In trying to explain the causes of these mental health problems, doctors interviewed agreed that susceptibility to mental disorders is equally due to the person’s genetic makeup and to his or her innate level of resiliency. “Two brothers, raised in the same manner and exposed to the same environment, can have different psychological responses to the same triggers,” explains Yahfoufi. She is reluctant to attribute Lebanon’s mental health problems solely to the war, saying that there are other every day triggers we are struggling with which also account for these problems. According to her, one of the main triggers for mental health issues in Lebanon, though not necessarily ones leading to psychiatric visits, is repression brought on by societal pressures and traditions.
Harb says that they see a lot of PTSD in the center, and that this is caused by exposure to war traumas. The LEBANON study revealed that almost half the sample interviewed was exposed to war-related events, such as being a civilian in a war zone or being a refugee. According to the study, this exposure increases the risk of developing a mental disorder for the first time.
Doctor Elias Karam, psychiatrist and member of IDRAAC, explains that globally and in Lebanon, it is the younger generation which is suffering more from mental illnesses, which cannot be attributed to the civil war as those most exposed to it are adults by now. Referring to IDRAAC’s studies, Karam attributes the prevalence of mental health problems in youth to various conjectural factors, including different and faster paced lifestyles than their predecessors that include more competition and less social cohesiveness. “With the advances in technology, and the extreme mobility taking place all over, the youth have lost access to a real and comforting social network, and this causes feelings of stress and loneliness,” says Karam.
Though mental health problems are prevalent in Lebanon, only 10 percent of those with moderate to severe mental illnesses are treated, according to Karam. “This may be due to a lack of knowledge on the patient’s part, or because they don’t realize they have an illness and think they can overcome their emotions by themselves,” explains Karam. In contrast to chronic depression, according to Karam, 50 percent of those who suffer from panic disorders do receive some sort of treatment — though maybe not from a trained mental health professional — and this is because symptoms of such disorders are physical and difficult to ignore. If there are no physical symptoms, however, mental disorders seem to be considered part of daily life.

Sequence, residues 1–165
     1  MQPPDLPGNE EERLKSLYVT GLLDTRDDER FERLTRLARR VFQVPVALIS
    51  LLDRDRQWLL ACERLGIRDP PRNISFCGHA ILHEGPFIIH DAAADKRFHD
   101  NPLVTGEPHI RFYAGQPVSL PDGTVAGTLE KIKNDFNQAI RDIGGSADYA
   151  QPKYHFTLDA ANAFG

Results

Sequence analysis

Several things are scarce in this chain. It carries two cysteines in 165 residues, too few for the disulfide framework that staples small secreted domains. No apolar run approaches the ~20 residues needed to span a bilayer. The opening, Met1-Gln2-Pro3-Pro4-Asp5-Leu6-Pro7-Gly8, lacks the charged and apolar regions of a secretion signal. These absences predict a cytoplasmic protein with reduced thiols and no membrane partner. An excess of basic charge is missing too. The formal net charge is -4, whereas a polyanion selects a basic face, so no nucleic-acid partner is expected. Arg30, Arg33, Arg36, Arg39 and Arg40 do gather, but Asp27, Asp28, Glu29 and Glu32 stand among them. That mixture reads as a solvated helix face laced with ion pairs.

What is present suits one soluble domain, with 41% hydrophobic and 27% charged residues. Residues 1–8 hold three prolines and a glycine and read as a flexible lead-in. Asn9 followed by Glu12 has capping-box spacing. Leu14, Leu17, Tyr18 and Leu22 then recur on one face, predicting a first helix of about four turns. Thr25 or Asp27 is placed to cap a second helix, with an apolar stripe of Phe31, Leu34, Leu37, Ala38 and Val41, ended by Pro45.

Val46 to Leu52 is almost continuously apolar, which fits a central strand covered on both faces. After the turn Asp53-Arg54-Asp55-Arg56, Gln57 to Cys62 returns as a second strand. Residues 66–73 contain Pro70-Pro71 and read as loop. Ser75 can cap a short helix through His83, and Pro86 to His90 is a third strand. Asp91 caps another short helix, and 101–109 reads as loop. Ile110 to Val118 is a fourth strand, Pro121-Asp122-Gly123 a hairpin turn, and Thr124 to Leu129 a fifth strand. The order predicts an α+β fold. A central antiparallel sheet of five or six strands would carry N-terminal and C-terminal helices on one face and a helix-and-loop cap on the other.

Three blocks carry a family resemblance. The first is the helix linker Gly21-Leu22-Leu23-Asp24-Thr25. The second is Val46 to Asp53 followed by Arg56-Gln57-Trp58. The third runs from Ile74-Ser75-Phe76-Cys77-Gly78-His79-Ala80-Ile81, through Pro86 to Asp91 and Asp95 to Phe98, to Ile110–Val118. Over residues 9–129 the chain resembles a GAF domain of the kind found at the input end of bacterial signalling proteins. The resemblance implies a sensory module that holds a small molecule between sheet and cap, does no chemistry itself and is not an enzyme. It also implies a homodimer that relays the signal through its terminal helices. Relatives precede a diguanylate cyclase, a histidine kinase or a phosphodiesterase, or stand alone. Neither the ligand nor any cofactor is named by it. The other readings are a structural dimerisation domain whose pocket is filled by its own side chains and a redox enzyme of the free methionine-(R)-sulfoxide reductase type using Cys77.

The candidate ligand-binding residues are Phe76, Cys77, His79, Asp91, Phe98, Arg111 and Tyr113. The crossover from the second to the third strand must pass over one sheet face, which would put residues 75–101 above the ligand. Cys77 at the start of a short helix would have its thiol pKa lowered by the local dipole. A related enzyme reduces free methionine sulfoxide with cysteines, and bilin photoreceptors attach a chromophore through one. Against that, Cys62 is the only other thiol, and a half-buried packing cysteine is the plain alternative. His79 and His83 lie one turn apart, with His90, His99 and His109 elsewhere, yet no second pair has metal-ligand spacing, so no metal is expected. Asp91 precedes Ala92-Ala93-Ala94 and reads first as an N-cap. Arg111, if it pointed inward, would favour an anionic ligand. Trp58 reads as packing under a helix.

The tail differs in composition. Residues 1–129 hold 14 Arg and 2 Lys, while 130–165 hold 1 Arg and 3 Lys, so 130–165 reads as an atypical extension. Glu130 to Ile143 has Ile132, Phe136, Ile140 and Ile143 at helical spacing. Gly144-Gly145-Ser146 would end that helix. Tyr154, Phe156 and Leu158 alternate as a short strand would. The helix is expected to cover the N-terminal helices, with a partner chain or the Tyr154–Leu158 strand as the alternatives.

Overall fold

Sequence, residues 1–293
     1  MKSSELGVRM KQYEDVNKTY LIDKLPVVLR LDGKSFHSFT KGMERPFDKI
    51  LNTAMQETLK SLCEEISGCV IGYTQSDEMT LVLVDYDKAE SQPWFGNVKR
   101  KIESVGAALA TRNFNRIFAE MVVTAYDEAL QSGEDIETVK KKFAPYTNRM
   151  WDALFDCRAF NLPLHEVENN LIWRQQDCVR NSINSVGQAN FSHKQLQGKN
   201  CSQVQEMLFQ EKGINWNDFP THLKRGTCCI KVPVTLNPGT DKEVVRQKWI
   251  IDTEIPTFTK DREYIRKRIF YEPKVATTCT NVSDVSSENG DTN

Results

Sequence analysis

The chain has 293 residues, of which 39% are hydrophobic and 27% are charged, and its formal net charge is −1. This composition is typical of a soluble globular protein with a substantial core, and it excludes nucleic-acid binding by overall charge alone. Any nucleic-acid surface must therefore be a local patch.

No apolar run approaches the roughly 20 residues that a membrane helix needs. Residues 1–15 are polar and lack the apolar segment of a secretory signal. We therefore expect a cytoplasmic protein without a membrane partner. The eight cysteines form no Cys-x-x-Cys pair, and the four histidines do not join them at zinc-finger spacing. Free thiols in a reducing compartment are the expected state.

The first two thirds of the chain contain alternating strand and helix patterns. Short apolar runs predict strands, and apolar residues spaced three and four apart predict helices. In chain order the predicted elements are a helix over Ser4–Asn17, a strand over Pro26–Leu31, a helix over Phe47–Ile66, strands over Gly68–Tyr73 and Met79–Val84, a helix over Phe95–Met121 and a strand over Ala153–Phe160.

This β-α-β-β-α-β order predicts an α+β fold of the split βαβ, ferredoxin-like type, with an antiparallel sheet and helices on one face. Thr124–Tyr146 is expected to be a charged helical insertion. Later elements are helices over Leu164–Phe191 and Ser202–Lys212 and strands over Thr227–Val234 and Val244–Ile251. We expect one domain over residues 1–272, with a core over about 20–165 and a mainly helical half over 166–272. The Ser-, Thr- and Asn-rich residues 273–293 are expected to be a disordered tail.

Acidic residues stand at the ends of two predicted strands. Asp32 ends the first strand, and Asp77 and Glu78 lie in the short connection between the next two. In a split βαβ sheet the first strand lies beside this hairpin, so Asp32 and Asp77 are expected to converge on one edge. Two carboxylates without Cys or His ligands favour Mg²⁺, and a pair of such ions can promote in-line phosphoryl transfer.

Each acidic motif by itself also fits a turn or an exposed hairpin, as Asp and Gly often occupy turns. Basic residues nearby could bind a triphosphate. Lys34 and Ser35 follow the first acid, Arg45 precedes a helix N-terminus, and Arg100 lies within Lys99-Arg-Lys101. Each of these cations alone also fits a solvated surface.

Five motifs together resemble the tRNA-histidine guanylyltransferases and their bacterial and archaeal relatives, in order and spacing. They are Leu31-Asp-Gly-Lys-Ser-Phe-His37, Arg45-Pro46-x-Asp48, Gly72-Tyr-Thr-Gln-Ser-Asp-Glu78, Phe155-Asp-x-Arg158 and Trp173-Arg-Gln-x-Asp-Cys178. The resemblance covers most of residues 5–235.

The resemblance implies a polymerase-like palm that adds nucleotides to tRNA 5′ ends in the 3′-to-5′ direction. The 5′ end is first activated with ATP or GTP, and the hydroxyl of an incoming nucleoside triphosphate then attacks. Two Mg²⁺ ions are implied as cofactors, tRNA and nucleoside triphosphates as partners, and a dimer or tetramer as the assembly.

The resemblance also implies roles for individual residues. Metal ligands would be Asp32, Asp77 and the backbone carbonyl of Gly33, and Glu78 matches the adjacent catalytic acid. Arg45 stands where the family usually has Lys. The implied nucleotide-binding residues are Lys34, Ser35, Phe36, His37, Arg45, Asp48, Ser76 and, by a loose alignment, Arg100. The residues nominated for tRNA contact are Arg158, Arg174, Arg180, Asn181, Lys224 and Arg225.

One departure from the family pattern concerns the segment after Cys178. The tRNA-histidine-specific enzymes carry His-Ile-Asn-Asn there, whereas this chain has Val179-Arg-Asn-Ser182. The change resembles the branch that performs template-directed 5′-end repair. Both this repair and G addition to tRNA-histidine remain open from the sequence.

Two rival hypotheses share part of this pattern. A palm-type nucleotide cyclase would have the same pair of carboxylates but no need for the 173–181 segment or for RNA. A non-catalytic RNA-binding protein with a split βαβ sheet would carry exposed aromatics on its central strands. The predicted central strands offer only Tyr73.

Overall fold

Improving Mental awareness
This is an issue that MSF is earnestly working at through raising awareness about mental disorders in Lebanon. “After three years of working in the Burj Al Brajneh refugee community, people were more comfortable with visiting psychologists and would voluntarily seek sessions with our mental health professionals. This was achieved through a strong awareness campaign which even targeted people’s homes,” says Yahfoufi, who says she hopes to achieve the same level of awareness in Tripoli through the work they are currently doing with the government hospital there.
Though the National Social Security Fund does cover psychiatric medications, only three or four private insurances cover such medications at the moment, according to Karam. Yahfoufi believes that while it is easier for public hospitals to consider taking psychiatrists, physicians that specialize in mental health, on board as part of their medical team, psychologists are still not as readily accepted in public hospitals. Given the pervasiveness of mental health problems in the country, and the ongoing stress we are subjected to on a daily basis, we look forward to the day when mental health intervention and awareness are taken more seriously.